It’s a ritual that happens in the early spring or fall for every alfalfa grower: soil prep. Every year, thousands of acres are prepared to grow abundant crops thanks to the diligence of the farmers that tend them. Growers in the Intermountain West states spend hours and hours preparing the ground to make the most hospitable environment possible for alfalfa seed.
This little seed needs big attention. Due to the high value of its crop, farmers spend much time and care to prepare for alfalfa planting season. With correct soil preparation and seed selection, alfalfa stands can last many years.
Choosing the correct seed variety is the single most important decision—but often overlooked—made when planting a new alfalfa stand.
Alfalfa Seed Cost vs. Variety
Seed cost tends to be the main deciding factor of alfalfa seed selection. However, the cost of alfalfa seed should play a very small role in your decision-making process when selecting seed. While cost is a big factor in planting, smart growers rely more on the seed varieties.
The variety of seed selected is crucial because each seed variety directly correlates with yield, quality, and stand persistence. Growers stand to lose hundreds of dollars per acre over the life of an alfalfa stand related to the reduction in yields, poor stand life due to inferior seed selection, and increased disease pressure. Want to maximize the life of an alfalfa stand? Consider the following in seed selection: yield, persistence, fall dormancy, winter survival and pest and disease resistance.
Alfalfa Yield and Persistence
Yield and persistence are two of the most important aspects when selecting an alfalfa seed variety. Make sure the variety that is chosen has a high yield for the localized area, while also having a long-life expectancy for the location.
The more high-quality tons of alfalfa a producer can grow over the life of an alfalfa stand, the more profitable the producer is likely to be. Even a small increase in yield difference between two seed varieties adds up. For example, an additional tenth of a ton harvested each cutting can add up to another 1.6 tons over a four-year period on a four-cut system. Talking with a local crop advisor or extension agent can help to narrow down what varieties are performing the best in your area.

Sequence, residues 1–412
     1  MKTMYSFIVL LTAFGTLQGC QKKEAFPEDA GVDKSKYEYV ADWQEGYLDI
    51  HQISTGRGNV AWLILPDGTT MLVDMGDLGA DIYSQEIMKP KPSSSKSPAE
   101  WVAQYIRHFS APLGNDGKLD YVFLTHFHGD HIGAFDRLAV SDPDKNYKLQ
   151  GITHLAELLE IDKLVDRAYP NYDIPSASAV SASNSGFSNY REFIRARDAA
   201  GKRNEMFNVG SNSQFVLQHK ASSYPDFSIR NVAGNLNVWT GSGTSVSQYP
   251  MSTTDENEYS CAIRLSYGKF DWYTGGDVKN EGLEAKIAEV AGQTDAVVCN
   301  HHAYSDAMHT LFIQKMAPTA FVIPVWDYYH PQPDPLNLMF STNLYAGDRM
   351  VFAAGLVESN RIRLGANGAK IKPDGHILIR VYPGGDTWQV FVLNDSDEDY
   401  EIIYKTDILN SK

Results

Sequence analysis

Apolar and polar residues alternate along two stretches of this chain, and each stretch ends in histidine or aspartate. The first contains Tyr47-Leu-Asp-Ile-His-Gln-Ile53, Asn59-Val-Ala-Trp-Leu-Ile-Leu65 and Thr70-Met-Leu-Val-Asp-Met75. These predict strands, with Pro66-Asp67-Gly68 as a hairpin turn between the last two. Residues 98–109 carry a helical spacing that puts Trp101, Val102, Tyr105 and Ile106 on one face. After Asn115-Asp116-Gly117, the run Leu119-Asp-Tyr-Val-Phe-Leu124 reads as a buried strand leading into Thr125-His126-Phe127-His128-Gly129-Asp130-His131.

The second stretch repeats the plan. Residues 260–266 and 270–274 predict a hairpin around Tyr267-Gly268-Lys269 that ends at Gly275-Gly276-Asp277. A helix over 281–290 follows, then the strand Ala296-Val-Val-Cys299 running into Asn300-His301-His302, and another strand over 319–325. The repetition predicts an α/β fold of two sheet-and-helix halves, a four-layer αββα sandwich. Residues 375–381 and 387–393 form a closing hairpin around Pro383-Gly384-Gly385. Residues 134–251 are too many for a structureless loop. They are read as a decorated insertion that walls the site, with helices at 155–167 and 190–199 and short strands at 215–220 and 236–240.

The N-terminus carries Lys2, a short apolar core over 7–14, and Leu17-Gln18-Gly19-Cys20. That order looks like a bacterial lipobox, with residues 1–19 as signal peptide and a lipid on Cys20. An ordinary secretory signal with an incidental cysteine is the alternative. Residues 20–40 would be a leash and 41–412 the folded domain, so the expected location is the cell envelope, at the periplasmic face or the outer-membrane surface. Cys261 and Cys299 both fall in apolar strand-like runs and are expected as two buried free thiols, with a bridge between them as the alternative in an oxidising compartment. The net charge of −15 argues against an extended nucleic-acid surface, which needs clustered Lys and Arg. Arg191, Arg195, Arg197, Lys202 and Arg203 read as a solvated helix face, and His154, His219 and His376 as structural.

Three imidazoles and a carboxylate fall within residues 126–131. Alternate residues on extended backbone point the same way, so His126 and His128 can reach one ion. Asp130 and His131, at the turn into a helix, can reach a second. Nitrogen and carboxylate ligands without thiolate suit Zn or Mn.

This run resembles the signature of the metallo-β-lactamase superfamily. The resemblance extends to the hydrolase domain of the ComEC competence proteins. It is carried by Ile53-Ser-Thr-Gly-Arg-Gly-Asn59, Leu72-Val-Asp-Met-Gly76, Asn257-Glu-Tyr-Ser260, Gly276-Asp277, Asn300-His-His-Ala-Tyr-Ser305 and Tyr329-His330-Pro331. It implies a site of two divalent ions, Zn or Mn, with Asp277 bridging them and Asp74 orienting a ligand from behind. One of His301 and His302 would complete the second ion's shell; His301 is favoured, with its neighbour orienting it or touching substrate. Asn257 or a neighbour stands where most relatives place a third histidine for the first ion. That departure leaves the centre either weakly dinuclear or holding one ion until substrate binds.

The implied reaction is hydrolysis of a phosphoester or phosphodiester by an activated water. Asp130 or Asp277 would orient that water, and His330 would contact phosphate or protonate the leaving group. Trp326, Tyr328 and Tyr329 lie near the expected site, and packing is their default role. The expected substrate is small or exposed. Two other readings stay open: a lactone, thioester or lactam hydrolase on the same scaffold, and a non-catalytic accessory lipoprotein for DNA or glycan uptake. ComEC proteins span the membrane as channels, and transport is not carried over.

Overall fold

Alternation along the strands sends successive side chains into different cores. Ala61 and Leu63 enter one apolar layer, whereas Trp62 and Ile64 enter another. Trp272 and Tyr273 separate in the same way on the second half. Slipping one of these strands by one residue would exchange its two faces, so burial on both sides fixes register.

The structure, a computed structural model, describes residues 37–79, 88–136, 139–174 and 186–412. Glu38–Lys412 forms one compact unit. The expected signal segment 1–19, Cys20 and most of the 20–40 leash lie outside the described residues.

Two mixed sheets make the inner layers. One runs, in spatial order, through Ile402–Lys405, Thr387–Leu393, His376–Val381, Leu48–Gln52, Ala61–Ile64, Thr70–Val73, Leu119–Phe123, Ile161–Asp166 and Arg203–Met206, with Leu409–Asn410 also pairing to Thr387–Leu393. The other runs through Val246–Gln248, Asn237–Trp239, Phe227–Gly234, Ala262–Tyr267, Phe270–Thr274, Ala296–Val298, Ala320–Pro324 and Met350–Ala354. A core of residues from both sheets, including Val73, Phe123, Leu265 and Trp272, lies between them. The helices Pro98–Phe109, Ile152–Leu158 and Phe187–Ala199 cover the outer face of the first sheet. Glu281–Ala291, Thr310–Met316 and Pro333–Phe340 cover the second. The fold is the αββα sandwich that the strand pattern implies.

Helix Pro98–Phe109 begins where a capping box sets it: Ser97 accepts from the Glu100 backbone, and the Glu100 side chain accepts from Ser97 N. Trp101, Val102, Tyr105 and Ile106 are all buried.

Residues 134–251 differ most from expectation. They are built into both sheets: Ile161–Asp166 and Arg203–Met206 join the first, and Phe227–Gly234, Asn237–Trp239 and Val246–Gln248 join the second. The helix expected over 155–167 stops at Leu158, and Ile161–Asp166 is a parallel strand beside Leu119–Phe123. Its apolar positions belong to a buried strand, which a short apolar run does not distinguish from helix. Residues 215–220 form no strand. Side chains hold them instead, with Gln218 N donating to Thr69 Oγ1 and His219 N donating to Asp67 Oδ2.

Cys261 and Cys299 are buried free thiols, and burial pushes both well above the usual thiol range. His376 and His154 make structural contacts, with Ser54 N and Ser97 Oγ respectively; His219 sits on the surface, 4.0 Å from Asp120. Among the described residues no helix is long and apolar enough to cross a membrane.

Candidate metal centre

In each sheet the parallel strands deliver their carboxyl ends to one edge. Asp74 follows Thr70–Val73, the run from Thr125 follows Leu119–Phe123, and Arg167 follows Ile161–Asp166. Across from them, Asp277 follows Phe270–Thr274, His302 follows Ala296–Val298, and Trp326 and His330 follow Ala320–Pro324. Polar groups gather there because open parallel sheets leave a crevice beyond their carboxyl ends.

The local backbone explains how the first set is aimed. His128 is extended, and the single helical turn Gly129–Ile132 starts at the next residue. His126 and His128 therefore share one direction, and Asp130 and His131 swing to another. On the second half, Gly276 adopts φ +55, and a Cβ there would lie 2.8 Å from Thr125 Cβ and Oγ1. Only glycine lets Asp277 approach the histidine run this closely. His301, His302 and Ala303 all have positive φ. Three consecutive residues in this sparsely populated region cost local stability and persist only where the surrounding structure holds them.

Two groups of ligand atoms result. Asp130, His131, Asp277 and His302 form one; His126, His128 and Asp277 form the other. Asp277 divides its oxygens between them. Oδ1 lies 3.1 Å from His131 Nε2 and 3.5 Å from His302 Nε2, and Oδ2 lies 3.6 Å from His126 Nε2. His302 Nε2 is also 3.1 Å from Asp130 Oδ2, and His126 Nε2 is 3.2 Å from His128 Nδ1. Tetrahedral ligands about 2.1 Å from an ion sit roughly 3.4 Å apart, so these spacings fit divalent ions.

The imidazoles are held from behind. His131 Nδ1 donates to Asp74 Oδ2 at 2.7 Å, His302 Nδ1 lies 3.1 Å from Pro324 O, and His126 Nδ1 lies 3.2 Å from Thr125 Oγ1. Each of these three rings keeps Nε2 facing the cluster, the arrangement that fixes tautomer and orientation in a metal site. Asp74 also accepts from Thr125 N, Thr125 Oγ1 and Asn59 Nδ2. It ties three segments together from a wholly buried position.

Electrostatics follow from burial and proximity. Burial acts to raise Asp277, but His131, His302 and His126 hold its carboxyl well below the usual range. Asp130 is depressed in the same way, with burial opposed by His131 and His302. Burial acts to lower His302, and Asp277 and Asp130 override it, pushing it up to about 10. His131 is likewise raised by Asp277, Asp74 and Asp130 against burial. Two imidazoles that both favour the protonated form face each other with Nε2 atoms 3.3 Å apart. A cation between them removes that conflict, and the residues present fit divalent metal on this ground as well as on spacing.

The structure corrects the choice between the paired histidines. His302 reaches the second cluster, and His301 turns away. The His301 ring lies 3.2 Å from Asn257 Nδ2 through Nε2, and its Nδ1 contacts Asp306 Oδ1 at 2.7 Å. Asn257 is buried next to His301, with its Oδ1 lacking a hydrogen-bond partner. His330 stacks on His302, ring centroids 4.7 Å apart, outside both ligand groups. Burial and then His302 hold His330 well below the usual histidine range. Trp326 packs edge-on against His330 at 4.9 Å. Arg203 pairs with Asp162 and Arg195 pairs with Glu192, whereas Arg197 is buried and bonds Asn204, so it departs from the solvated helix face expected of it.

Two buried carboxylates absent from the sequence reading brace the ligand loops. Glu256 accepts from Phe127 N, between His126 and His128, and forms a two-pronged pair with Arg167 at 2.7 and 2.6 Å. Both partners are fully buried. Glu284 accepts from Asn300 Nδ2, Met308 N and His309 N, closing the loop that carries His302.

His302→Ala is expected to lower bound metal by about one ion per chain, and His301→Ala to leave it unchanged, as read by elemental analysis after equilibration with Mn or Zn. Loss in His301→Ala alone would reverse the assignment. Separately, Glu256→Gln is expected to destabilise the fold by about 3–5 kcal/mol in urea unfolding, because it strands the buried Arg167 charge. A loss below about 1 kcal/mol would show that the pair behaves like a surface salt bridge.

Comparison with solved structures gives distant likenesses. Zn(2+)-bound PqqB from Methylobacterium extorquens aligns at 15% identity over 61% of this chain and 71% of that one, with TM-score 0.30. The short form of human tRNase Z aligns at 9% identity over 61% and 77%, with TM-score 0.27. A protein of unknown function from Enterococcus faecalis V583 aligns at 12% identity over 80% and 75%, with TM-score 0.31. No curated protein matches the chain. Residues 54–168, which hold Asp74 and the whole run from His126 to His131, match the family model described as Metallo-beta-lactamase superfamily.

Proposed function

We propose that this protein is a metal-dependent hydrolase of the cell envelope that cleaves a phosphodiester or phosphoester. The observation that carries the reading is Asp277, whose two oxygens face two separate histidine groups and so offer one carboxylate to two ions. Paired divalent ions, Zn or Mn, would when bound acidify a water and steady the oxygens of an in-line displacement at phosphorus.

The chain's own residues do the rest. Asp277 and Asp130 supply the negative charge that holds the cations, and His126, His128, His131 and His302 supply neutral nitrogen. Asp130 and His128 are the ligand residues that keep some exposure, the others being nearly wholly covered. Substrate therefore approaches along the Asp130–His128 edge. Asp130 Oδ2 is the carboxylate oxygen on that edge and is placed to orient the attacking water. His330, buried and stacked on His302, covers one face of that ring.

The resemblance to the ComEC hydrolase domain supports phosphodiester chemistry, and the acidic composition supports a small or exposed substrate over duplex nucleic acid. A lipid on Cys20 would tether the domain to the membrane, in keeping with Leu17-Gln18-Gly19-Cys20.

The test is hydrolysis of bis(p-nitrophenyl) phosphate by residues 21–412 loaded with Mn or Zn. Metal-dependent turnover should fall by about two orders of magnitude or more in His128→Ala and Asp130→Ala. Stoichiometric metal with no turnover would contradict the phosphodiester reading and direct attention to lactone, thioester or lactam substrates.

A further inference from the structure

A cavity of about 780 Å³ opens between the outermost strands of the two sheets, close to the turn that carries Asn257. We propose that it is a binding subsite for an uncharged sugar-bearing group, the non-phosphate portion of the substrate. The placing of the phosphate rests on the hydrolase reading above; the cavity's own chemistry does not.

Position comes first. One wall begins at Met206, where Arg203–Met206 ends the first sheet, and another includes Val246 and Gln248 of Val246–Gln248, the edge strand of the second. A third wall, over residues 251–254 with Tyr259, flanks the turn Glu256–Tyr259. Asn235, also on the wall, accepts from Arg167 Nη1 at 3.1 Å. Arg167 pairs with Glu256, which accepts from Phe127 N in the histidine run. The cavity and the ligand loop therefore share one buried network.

Fall Dormancy and Winter Survival
Other important considerations for seed selection are fall dormancy and winter survival when researching alfalfa seed types. Selecting alfalfa seed that tolerates the local climate is a must.
Alfalfa varieties not only vary in the way they respond to temperature, but day length as well. It’s important to select a variety of alfalfa that will maximize the local growing season while going dormant in time to protect itself from freezing temperatures. This will help ensure maximized yields while lengthening the life of the alfalfa stand.
Pest Resistance: Insects, Weeds, and Fungus
Perhaps the most overlooked characteristic in seed variation is pest and disease resistance. Much like climate variation, pest concentration varies greatly throughout the state.
It is important to know what insects, weeds, and fungal issues are common in your local area. Alfalfa varieties vary greatly in their ability to resist problematic insects and fungus along with their ability to tolerate herbicides for weed control. Talking to a local crop advisor can help you identify potential threats you may have overlooked.
The value of good quality, clean seed that is well adapted to the local area is the most important decision when planting alfalfa. Make sure you purchase a high-quality seed for your area by paying close attention to yield, persistence, fall dormancy, winter survival, insect resistance, and finally disease resistance. If the best seed for your local area is more expensive, it is worth the investment to increase crop quality and production.
Ryan Clark is an Agronomy Salesman and Certified Crop Advisor at the Garland Agronomy Center where he makes sure his team has everything they need to help their growers while also maintaining a cohesive work environment for his staff. Ryan loves supporting growers because their massively important job either directly or indirectly feeds the world. Before earning his CCA, he graduated from Idaho State University with a bachelor’s degree in business. When he’s not aiding his ag team, he can be found taking care of his small farm and herd of cattle, as well as spending time with his family.